I missed this important Brookings report from September:
Hundreds of higher education institutions are procuring algorithms that strategically allocate scholarships to convince more students to enroll. In doing so, these enrollment management algorithms help colleges vary the cost of attendance to students’ willingness to pay, a crucial aspect of competition in the higher education market. This paper elaborates on the specific two-stage process by which these algorithms first predict how likely prospective students are to enroll, and second help decide how to disburse scholarships to convince more of those prospective students to attend the college.
The report recommends that universities stop using the algorithms to assess likelihood to enroll or to mete out aid:
The stated goal of enrollment optimization algorithms is to incentivize enrollment at the precise maximum tuition (or minimum scholarship) an applicant is willing to pay to attend that college. Vendors unanimously market their enrollment management software in this way—saying they intend to allocate the “minimum amount of aid necessary to meet and exceed your [enrollment] goals.”
Twitter has rightly blown up over Taylor & Francis’s appalling “Accelerated Publication” grift:
If time is critical in your publishing strategy, our Accelerated Publication options are available on a select number of biomedical journals and can help you get your research into a high-quality, peer-reviewed journal, fast.
With Accelerated Publication, you can:
coordinate your publishing schedule with conferences, drug approvals, and drug launches
keep competitive advantage by getting your discoveries to market quickly
speed up the peer review process without sacrificing quality or rigor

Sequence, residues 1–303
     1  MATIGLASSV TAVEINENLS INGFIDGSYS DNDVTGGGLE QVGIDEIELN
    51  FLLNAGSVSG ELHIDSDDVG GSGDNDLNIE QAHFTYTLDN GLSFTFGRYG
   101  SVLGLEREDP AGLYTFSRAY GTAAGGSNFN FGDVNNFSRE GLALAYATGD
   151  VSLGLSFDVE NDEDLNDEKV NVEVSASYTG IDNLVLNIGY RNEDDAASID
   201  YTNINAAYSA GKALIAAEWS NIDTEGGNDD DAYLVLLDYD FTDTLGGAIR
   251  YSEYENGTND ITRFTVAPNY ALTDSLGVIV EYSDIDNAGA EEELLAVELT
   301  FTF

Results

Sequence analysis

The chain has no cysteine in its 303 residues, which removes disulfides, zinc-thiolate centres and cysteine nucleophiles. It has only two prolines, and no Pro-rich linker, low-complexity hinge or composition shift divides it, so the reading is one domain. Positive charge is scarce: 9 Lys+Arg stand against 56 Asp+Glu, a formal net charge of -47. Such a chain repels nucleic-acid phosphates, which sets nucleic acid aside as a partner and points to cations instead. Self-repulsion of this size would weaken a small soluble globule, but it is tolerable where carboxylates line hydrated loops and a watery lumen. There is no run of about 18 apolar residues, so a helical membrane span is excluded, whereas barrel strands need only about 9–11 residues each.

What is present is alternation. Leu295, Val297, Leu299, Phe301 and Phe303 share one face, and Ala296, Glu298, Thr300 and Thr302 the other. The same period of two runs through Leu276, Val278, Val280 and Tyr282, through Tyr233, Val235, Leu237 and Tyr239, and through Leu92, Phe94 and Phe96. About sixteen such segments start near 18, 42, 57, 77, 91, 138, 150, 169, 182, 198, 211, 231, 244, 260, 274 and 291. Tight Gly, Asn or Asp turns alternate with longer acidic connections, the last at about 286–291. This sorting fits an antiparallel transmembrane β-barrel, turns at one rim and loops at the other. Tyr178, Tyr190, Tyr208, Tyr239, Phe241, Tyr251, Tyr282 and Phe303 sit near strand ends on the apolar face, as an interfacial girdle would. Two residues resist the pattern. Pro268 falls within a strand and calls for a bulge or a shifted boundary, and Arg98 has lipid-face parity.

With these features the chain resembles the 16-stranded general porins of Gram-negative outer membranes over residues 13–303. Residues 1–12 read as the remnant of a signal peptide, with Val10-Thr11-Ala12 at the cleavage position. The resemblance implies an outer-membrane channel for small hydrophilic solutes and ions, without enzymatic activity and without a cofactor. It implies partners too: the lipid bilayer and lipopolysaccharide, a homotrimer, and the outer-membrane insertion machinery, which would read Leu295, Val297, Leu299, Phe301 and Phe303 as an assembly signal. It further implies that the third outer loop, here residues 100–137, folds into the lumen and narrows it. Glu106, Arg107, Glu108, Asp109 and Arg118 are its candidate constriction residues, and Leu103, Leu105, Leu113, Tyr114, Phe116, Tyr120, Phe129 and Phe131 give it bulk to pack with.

$7000 dollars to publish in 3-5 weeks.
From a new Penn State study on online program management (OPMs) deals:
OPM contracts are—to be blunt—one strategy for extracting profit from a mostly nonprofit educational model. And, also bluntly, they are a way of doing so without attracting the level of regulatory scrutiny that is connected to the actual provision of for-profit higher education. […] Several firms we analyzed have legacy connections to for-profit higher education, and most are attracting venture capital investments (and a few initiating initial public offerings), which suggests confidence in the profitability and returns on investment that these vehicles provide.
If regulation for outsourcing online program management moves too quickly and without caution, the outcome could decimate many colleges and universities by drying up their ability to outsource with for-profit companies—or, worse still, create large-scale issues for students when online programs cannot function internally within the institution offering the program.
But the point isn’t to preserve the OPM industry. The point instead is to keep higher-ed mission-aligned and nonprofit—to protect students and universities from windfall-extracting profiteers.
Rebecca Bryant, Charles Watkinson, and Rebecca Welzenbach, writing for the Scholarly Kitchen on a science-humanities gap in metadata retrieval:
The ability to harvest accurate and mostly complete metadata for researchers in STEM disciplines is quite good in all of these examples. However, metadata harvesting from any of these sources provides disappointing results for humanities and some social science scholars. When we look at a researcher’s profile, we may notice that a book (or more than one) is missing.